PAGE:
The Weekly enterprise. (Oregon City, Or.) 1868-1871, February 06, 1869, Image 2

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5EI)t toeckln (Enterprise.
Oregon City, Oregon ,
: : Feb. 6,1869.
The State Agricultural Society.
Last week we spent three days
with the Board of Managers of the
State Agricultural Society, at Salem.
The list of premiums was arranged;
committees and judges appointed, and
much other business transacted. The
Society have increased the premium
on Beef cattle, and have assurances
from parties east of the Cascade
mountains that stock of this nature
from that region will next fall carry
off the premiums. Judging from an
interesting letter in another column,
from Grand Eonde Valley, perhaps
this may be true. We know that
Eastern Oregon and Washington
Territory afford the best range for
stock at this time, and that climate
is equally as good as this for the pur
pose of raising mutton and beef.
Increased premiums wero also of
fered in various other classes. And
a more close attention to the tricks
of unprincipled men who come to the
Fairs for the purposes of Jockeying
was advised and acted upon.
The time fixed for holding the next
State Pair was six days, from the
20th to 25th of September, inclusive.
Putman Smith of Portland, owner of
Pathfinder and other fine blooded
horses, has charge of the grounds of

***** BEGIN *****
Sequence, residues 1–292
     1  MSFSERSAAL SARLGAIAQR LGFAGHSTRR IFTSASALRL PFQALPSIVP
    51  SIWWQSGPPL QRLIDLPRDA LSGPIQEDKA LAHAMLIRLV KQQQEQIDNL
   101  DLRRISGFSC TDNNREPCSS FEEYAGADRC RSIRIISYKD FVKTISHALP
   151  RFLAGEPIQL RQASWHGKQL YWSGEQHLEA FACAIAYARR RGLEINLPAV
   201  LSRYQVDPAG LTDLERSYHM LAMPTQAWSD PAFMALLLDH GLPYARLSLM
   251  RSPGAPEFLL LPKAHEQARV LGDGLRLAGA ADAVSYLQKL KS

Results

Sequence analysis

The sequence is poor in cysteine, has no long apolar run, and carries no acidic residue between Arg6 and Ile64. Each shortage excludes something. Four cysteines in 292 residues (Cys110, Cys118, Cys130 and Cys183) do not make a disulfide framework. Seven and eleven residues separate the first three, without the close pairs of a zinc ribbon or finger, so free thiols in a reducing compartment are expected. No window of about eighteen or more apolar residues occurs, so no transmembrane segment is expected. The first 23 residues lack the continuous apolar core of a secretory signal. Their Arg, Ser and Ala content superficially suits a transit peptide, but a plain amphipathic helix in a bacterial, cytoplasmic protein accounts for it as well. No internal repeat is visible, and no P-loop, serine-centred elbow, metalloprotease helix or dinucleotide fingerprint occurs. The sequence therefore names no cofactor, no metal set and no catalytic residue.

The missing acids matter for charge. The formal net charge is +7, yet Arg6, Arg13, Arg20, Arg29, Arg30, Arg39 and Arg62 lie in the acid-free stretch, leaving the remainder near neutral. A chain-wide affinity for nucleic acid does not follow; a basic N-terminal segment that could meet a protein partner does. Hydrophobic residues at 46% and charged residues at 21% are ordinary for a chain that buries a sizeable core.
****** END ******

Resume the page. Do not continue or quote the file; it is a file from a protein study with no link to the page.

the Society until the opening of the
next fair. The Society seem to re
gard Mr. Smith as the Bonner of
Oregon an admirer of good stock,
and a gentlemau every way worthy to
be trusted.
In the Pavilion the display at tl e
coming fair will be larger, undoubt
edly, than at any previous time in
asmuch as the Society have offered
as additional premiums, a silfer cup
to any lady taking six or more first
premiums in class ten.
During the present season a con
tract will be let by the Society for
the sinking of an artesian well of
seven inches diameter on the Fair
Grounds. It i3 thought that by
sinking to a depth of from 250 to
300 feet a sufficient stream can be
had to supply the grounds with water
for all purposes. The experiment is
well worth a trial, and if successful
the Society hate established a fact
that will be worth, in money alone,
many thousands of dollars, to the
counties of Marion, Polk, Benton,
Linn, and Lane.
Many people look upon the State
Agricultural Society as only entitled
to credit for getting up an exhibition
in tha fall of each year at Salem,
never looking forward to other mat
ters which occupy very much more
time and attention. The State Ag
ricultural Society of Oregon is the
only organization in this State de
serving of the least credit for efforts
put forth for the public good. And